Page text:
Alex Steffen, the car-less Columbia City crusader of Worldchanging.com, left the Bay Area to hone his journalistic skills at the Japan Times before coming to Seattle 15 years ago. Now the 41-year-old executive editor of the top-rated sustainability site takes time out from advising world leaders (he’s a keynote speaker at next month’s all-important UN Copenhagen Climate Convention) to give us a preview of his two-part Town Hall presentation, “Building a Planet with a Future” and “Seattle’s Bright Green Moment,” on November 11 & 12. Tickets are selling fast.
I read that you met Al Gore. What do you think of him?
I respect the man enormously. The man is pretty much as close as we have to an American hero. He wrote the foreword to our book [Worldchanging].
What is the difference between bright green vs. green?
Green has been defined, in a lot of people’s minds, with the idea of sacrifice, downscaling, and reducing quality of life. That’s been the traditional way people looked at green. Bright green is really about saying that not only can we have sustainable prosperity, but that a sustainability which is built on the idea of giving people a higher standard of living and more quality of life is more likely to be successful.
Where is Seattle on the green scale?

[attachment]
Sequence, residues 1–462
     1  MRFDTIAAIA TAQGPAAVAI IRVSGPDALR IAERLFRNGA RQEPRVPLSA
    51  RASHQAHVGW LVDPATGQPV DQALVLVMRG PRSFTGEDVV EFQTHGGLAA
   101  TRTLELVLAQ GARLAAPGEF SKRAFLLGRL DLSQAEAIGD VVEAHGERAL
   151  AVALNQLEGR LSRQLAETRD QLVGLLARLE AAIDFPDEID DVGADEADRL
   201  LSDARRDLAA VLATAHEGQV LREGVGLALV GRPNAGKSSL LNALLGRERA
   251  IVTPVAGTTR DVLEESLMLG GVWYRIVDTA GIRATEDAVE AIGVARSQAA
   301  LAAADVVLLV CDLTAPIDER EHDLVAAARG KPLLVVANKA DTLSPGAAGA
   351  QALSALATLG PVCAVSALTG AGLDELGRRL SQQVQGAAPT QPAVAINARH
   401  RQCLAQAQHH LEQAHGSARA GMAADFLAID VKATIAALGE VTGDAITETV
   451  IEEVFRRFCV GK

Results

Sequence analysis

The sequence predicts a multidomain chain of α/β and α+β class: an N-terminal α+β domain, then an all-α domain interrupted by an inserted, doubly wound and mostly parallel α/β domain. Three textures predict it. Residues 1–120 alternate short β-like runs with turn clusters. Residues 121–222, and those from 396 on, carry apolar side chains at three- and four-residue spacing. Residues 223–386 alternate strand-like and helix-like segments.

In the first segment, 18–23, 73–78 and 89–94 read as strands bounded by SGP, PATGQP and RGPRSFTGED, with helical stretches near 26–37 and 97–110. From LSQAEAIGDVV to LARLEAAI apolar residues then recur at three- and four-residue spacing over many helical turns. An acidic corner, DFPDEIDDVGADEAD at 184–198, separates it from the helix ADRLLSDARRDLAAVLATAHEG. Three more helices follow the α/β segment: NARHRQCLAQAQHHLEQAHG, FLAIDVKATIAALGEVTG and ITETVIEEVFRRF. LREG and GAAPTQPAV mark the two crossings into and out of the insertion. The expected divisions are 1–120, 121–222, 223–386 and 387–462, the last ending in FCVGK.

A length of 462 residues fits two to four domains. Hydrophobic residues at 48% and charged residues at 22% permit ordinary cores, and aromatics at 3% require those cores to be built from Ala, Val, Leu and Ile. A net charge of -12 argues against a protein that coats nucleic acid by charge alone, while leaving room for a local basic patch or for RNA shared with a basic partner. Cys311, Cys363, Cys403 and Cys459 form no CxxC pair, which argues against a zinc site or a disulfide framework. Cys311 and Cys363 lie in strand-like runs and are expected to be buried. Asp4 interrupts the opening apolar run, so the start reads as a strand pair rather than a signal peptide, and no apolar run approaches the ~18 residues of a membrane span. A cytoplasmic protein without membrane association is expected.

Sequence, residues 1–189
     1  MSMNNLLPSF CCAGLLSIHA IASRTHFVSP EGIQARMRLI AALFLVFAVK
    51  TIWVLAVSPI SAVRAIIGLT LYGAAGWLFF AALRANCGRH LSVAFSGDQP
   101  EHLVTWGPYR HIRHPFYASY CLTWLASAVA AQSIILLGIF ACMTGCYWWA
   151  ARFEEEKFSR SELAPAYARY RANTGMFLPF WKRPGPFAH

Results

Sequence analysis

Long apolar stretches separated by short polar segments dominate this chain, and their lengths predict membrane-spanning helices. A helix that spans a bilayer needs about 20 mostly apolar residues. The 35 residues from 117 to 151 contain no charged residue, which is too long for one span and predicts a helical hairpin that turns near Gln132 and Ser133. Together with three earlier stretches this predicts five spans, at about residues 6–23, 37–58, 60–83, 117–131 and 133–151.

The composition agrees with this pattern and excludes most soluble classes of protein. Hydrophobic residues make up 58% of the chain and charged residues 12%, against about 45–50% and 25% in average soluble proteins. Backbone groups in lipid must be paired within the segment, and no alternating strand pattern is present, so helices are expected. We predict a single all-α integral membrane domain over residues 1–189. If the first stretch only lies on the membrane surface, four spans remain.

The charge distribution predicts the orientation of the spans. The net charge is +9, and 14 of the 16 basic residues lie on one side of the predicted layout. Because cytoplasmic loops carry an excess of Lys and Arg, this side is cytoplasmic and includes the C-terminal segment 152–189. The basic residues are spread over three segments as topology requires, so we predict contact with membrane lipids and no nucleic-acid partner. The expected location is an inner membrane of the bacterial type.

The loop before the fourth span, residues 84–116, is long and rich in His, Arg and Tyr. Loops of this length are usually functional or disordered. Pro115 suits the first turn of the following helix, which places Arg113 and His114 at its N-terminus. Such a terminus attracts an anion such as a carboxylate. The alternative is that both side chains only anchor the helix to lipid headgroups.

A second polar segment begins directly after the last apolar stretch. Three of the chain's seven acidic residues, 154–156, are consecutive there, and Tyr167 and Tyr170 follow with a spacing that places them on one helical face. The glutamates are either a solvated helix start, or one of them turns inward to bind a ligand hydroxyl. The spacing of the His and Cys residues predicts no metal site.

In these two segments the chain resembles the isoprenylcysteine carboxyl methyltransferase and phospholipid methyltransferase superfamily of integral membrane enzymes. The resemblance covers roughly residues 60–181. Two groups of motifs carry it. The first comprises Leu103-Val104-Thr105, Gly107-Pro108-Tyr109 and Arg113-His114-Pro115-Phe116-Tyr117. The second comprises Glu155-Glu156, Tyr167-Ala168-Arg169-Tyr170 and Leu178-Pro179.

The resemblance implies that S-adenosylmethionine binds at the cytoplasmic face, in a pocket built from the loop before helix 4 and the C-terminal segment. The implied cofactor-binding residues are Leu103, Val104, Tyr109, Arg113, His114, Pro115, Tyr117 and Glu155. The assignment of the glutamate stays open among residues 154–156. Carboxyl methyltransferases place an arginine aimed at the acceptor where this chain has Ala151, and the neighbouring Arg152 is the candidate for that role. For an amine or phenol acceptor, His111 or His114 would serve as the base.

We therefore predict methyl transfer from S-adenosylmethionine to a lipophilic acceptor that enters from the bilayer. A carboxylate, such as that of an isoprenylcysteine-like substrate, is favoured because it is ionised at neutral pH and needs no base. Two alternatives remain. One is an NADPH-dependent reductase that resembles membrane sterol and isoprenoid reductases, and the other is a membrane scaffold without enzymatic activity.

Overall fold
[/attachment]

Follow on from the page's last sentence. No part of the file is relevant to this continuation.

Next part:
You say ‘Seattle’ everywhere from Scandinavia to India and they instantly think, ‘That’s the place where unicorns pick up the recycling.’ They have this crazy idea that we’re this Emerald Utopia. But the reality is that in some really fundamental ways, we’ve fallen behind.
What are the three biggest opportunities for our bright green future?
Cars and compact development is one of them. That set of issues is really important, hard to overstate. Another part is regional economic development. There’s a whole array of expertise and solutions that are necessary for building a bright green economy. The regions that get there first are going to be the ones that prosper. A third piece of it, which is particularly appropriate to Seattle, is this collision of urban space with technology. The new wave is really about technology suffusing through urban life.
What do you do when you’re not talking about bright green?
Is there something else other than talking about bright green? [Laughs.]
Catch Steffen’s tweets directly via Copenhagen @AlexSteffen